Senior Isolation During COVID-19 and What Healthcare Should Do About It

I recently authored an article for about the challenges facing our nation’s seniors during COVID-19. Senior isolation is a health risk affecting at least one quarter of seniors over 65. Social isolation is a risk factor for poor aging outcomes including cognitive decline, depression, anxiety, Alzheimer’s disease, obesity, hypertension, heart disease, impaired immune function and even death. Add COVID-19 to the mix and it is easy to see how seniors have become healthcare’s most important at-risk population. 

Care management and care coordination programs have been demonstrated to mitigate medical risk for seniors. These programs use both qualitative information from providers and quantitative claims data to identify high-need, high-cost senior patients. The most effective programs take a holistic, person-focused approach including behavioral health and other SDOH issues. 
However, for care management and care coordination programs to be effective during COVID-19, they must also address new senior isolation concerns such as: 
  • Negative impacts of social distancing, quarantines and family separation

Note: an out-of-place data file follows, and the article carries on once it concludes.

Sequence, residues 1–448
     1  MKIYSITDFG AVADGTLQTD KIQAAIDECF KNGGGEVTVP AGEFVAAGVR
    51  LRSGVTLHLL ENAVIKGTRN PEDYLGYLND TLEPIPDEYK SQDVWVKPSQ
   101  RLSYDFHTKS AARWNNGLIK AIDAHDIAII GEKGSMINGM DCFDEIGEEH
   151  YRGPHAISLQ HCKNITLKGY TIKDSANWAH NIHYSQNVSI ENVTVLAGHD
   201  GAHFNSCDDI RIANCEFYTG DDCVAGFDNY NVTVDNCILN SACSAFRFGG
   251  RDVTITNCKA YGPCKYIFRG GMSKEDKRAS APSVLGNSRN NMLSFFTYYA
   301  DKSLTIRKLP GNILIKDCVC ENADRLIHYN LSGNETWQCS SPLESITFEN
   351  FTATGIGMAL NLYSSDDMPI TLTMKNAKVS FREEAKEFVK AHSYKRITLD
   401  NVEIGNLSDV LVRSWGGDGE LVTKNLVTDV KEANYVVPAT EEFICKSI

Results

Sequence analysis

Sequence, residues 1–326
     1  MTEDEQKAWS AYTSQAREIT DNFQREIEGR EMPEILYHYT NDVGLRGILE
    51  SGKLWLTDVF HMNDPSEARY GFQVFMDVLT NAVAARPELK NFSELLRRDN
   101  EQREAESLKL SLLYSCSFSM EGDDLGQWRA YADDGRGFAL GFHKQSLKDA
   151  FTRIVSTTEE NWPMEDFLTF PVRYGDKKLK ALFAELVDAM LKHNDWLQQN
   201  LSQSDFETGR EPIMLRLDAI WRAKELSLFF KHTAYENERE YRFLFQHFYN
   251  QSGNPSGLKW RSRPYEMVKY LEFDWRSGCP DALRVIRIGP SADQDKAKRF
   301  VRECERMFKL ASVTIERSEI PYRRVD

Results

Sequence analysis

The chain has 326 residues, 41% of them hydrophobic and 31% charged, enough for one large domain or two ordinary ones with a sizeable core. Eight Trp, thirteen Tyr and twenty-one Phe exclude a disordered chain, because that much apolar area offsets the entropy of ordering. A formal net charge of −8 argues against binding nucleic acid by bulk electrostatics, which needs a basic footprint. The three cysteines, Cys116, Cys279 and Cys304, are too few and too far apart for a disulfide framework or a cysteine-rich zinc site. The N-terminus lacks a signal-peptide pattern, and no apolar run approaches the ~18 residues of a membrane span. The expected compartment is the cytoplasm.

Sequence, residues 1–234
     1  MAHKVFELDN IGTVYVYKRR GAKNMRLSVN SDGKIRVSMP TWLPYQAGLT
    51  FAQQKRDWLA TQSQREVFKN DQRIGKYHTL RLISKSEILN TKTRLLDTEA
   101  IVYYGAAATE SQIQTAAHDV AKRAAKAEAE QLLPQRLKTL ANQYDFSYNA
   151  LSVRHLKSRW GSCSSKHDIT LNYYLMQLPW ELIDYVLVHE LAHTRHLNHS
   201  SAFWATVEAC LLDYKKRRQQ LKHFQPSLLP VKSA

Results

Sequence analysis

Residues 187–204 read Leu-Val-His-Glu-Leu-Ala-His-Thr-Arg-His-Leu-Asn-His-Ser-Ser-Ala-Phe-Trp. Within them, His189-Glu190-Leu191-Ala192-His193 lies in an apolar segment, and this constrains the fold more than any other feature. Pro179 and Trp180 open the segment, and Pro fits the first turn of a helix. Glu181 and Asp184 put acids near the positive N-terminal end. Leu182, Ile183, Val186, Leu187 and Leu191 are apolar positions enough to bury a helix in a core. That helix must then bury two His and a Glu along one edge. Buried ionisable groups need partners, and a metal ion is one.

• Reduced use of the healthcare system to avoid exposure risk, even when illness or injury may warrant a doctor, clinic, emergency or hospital visit 
  • Limited human interaction due to fewer trips to the grocery store, pharmacy and other community locations
  • Unrecognized worsening chronic conditions that can quickly deteriorate into a life-threatening situation 

All these concerns are real and increasingly prevalent within our senior communities. 

What can be done?  
Four Steps to Prevent and Address Social Isolation
In the article, I describe four specific steps healthcare organizations can take during this time to protect their at-risk senior populations. 
  • Continue prevention and follow-up interventions through care management activities and telehealth to identify urgent or worsening medical and mental health issues
  • Provide social support and outreach through technology integrating community-based organizations
  • Provide seniors easy access to health education and basic IT training
  • Optimize the use of care coordination tools
Preventive outreach for older adults begins by focusing on health disparities and targeting patients at highest risk. Attention must shift to care quality, utilization and health outcomes through better care coordination and stronger data analytics. In collaboration with other community stakeholders, population health management technology is the vehicle to drive this change. 
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